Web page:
8. Fang J, Kubota S, Yang B, Zhou N, Zhang H, Godbout R, Pomerantz RJ: A DEAD box protein facilitates HIV-1 replication as a cellular co-factor of Rev. Virology. 2004, 330: 471-480. 10.1016/j.virol.2004.09.039.View ArticlePubMedGoogle Scholar
  9. Krishnan V, Zeichner SL: Host cell gene expression during human immunodeficiency virus type 1 latency and reactivation and effects of targeting genes that are differentially expressed in viral latency. J Virol. 2004, 78: 9458-9473. 10.1128/JVI.78.17.9458-9473.2004.PubMed CentralView ArticlePubMedGoogle Scholar
  10. Bogerd HP, Fridell RA, Madore S, Cullen BR: Identification of a novel cellular cofactor for the Rev/Rex class of retroviral regulatory proteins. Cell. 1995, 82: 485-494. 10.1016/0092-8674(95)90437-9.View ArticlePubMedGoogle Scholar
  11. Askjaer P, Jensen TH, Nilsson J, Englmeier L, Kjems J: The specificity of the CRM1-Rev nuclear export signal interaction is mediated by RanGTP. J Biol Chem. 1998, 273: 33414-33422. 10.1074/jbc.273.50.33414.View ArticlePubMedGoogle Scholar
  12. Kellam P, Holzerlandt R, Gramoustianou E, Jenner R, Kwan A: Viral bioinformatics: computational views of host and pathogen. Novartis Found Symp. 2003, 254: 234-47; discussion 247-52.View ArticlePubMedGoogle Scholar
  13. DeFilippis V, Raggo C, Moses A, Fruh K: Functional genomics in virology and antiviral drug discovery. Trends Biotechnol. 2003, 21: 452-457. 10.1016/S0167-7799(03)00207-5.View ArticlePubMedGoogle Scholar
  14. Corbeil J, Sheeter D, Genini D, Rought S, Leoni L, Du P, Ferguson M, Masys DR, Welsh JB, Fink JL, Sasik R, Huang D, Drenkow J, Richman DD, Gingeras T: Temporal gene regulation during HIV-1 infection of human CD4+ T cells. Genome Res. 2001, 11: 1198-1204. 10.1101/gr.GR-1802R.PubMed CentralView ArticlePubMedGoogle Scholar
  15. Geiss GK, Bumgarner RE, An MC, Agy MB, van 't Wout AB, Hammersmark E, Carter VS, Upchurch D, Mullins JI, Katze MG: Large-scale monitoring of host cell gene expression during HIV-1 infection using cDNA microarrays. Virology. 2000, 266: 8-16. 10.1006/viro.1999.0044.View ArticlePubMedGoogle Scholar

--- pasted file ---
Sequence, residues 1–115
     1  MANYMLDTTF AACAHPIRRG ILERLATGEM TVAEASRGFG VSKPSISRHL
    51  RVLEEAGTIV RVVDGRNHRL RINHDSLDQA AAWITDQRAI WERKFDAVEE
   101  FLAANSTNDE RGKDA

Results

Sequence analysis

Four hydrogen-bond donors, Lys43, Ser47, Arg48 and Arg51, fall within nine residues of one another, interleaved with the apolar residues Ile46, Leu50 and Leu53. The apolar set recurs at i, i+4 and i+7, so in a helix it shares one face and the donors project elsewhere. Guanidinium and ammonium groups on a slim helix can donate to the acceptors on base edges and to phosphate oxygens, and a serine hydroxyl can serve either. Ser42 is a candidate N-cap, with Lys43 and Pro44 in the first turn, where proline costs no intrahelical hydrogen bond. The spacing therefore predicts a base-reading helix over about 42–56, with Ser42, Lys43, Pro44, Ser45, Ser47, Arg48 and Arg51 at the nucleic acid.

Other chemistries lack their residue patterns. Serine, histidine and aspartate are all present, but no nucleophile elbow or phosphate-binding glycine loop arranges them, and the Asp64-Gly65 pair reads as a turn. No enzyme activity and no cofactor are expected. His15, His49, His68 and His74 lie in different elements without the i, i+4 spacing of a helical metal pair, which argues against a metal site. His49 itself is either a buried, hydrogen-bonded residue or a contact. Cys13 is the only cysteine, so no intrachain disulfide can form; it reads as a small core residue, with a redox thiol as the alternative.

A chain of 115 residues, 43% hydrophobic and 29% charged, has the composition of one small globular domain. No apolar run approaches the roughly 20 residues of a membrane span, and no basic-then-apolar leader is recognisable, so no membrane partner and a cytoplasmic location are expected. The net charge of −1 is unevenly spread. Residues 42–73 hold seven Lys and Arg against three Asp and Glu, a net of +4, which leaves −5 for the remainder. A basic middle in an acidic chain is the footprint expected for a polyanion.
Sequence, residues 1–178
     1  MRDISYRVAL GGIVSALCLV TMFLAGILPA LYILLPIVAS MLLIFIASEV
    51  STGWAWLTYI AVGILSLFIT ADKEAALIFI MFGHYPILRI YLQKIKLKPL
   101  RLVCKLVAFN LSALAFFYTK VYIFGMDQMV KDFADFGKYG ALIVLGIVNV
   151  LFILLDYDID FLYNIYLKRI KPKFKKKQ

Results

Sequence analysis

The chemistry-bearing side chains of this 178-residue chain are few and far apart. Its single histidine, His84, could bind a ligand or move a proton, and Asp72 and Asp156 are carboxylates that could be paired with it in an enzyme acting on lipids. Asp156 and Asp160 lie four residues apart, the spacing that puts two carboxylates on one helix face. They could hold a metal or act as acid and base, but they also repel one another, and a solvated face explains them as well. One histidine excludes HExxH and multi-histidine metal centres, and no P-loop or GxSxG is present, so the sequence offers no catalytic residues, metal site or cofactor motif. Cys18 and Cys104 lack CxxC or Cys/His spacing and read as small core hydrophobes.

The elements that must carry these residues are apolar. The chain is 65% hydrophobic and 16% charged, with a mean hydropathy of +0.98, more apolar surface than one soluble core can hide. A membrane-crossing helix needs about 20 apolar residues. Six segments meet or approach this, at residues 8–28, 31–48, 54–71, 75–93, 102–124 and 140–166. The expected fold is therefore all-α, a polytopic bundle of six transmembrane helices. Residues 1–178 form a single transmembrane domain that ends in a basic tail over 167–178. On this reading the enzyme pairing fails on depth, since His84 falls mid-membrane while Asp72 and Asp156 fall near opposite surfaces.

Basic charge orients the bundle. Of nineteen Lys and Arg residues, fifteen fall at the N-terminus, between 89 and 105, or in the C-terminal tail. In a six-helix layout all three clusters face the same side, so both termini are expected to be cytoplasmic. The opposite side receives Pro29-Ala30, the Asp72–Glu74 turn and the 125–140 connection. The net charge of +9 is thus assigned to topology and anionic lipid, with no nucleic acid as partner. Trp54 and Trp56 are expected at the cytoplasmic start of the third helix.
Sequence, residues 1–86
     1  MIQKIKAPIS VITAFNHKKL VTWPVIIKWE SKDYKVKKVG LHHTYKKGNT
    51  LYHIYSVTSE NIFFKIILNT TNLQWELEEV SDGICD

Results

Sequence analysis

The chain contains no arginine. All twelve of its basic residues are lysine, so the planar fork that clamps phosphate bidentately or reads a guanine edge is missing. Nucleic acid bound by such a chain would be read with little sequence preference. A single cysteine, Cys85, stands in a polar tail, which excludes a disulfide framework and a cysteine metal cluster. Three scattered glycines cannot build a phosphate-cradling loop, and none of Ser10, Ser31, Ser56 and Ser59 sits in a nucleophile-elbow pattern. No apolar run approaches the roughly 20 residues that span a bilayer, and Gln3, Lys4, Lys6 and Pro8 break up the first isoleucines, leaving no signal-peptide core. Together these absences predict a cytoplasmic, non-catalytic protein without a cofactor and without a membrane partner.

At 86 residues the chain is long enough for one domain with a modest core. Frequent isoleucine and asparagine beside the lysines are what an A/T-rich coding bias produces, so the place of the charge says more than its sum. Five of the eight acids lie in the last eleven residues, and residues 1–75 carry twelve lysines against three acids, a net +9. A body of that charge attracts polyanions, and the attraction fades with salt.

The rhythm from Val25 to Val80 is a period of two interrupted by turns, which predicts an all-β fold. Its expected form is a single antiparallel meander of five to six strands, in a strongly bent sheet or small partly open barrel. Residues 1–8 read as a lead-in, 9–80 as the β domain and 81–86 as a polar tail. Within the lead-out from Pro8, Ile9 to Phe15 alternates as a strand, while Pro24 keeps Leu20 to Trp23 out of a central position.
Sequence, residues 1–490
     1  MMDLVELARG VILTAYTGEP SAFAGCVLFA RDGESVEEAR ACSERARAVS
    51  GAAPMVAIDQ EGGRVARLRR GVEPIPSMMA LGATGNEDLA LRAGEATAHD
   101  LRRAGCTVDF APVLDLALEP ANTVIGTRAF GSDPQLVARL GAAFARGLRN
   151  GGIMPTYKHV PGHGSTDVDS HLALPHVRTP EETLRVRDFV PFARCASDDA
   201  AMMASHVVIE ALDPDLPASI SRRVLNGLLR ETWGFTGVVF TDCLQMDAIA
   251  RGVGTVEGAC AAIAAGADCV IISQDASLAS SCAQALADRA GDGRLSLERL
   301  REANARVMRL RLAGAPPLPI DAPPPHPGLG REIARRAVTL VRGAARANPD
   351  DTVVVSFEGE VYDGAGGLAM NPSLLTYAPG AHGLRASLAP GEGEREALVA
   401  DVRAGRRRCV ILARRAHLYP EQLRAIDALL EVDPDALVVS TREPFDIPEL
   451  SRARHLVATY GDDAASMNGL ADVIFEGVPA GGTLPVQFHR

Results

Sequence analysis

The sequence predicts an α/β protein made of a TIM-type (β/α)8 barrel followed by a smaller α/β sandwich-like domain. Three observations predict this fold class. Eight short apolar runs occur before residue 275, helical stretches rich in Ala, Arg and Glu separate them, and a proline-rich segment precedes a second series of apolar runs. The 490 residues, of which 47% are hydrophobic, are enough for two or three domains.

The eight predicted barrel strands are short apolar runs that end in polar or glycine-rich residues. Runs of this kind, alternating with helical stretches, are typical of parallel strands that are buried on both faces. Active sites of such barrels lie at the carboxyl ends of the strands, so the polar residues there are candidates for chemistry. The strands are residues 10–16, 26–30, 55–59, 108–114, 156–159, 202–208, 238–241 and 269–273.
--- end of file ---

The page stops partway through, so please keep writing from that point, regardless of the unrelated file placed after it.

16. van 't Wout AB, Lehrman GK, Mikheeva SA, O'Keeffe GC, Katze MG, Bumgarner RE, Geiss GK, Mullins JI: Cellular gene expression upon human immunodeficiency virus type 1 infection of CD4(+)-T-cell lines. J Virol. 2003, 77: 1392-1402. 10.1128/JVI.77.2.1392-1402.2003.PubMed CentralView ArticlePubMedGoogle Scholar
  17. Yang X, Gabuzda D: Regulation of human immunodeficiency virus type 1 infectivity by the ERK mitogen-activated protein kinase signaling pathway. J Virol. 1999, 73: 3460-3466.PubMed CentralPubMedGoogle Scholar
  18. Agbottah E, de la Fuente C, Nekhai S, Barnett A, Gianella-Borradori A, Pumfery A, Kashanchi F: Antiviral activity of CYC202 in HIV-1 infected cells. J Biol Chem. 2004, in press:Google Scholar
  19. Jenner RG, Maillard K, Cattini N, Weiss RA, Boshoff C, Wooster R, Kellam P: Kaposi's sarcoma-associated herpesvirus-infected primary effusion lymphoma has a plasma cell gene expression profile. Proc Natl Acad Sci U S A. 2003, 100: 10399-10404. 10.1073/pnas.1630810100.PubMed CentralView ArticlePubMedGoogle Scholar
  20. Moses AV, Jarvis MA, Raggo C, Bell YC, Ruhl R, Luukkonen BG, Griffith DJ, Wait CL, Druker BJ, Heinrich MC, Nelson JA, Fruh K: Kaposi's sarcoma-associated herpesvirus-induced upregulation of the c-kit proto-oncogene, as identified by gene expression profiling, is essential for the transformation of endothelial cells. J Virol. 2002, 76: 8383-8399. 10.1128/JVI.76.16.8383-8399.2002.PubMed CentralView ArticlePubMedGoogle Scholar
  21. Ashburner M, Ball CA, Blake JA, Botstein D, Butler H, Cherry JM, Davis AP, Dolinski K, Dwight SS, Eppig JT, Harris MA, Hill DP, Issel-Tarver L, Kasarskis A, Lewis S, Matese JC, Richardson JE, Ringwald M, Rubin GM, Sherlock G: Gene ontology: tool for the unification of biology. The Gene Ontology Consortium. Nat Genet. 2000, 25: 25-29. 10.1038/75556.PubMed CentralView ArticlePubMedGoogle Scholar
  22. Savitsky K, Ziv Y, Bar-Shira A, Gilad S, Tagle DA, Smith S, Uziel T, Sfez S, Nahmias J, Sartiel A, Eddy RL, Shows TB, Collins FS, Shiloh Y, Rotman G: A human gene (DDX10) encoding a putative DEAD-box RNA helicase at 11q22-q23. Genomics. 1996, 33: 199-206. 10.1006/geno.1996.0184.View ArticlePubMedGoogle Scholar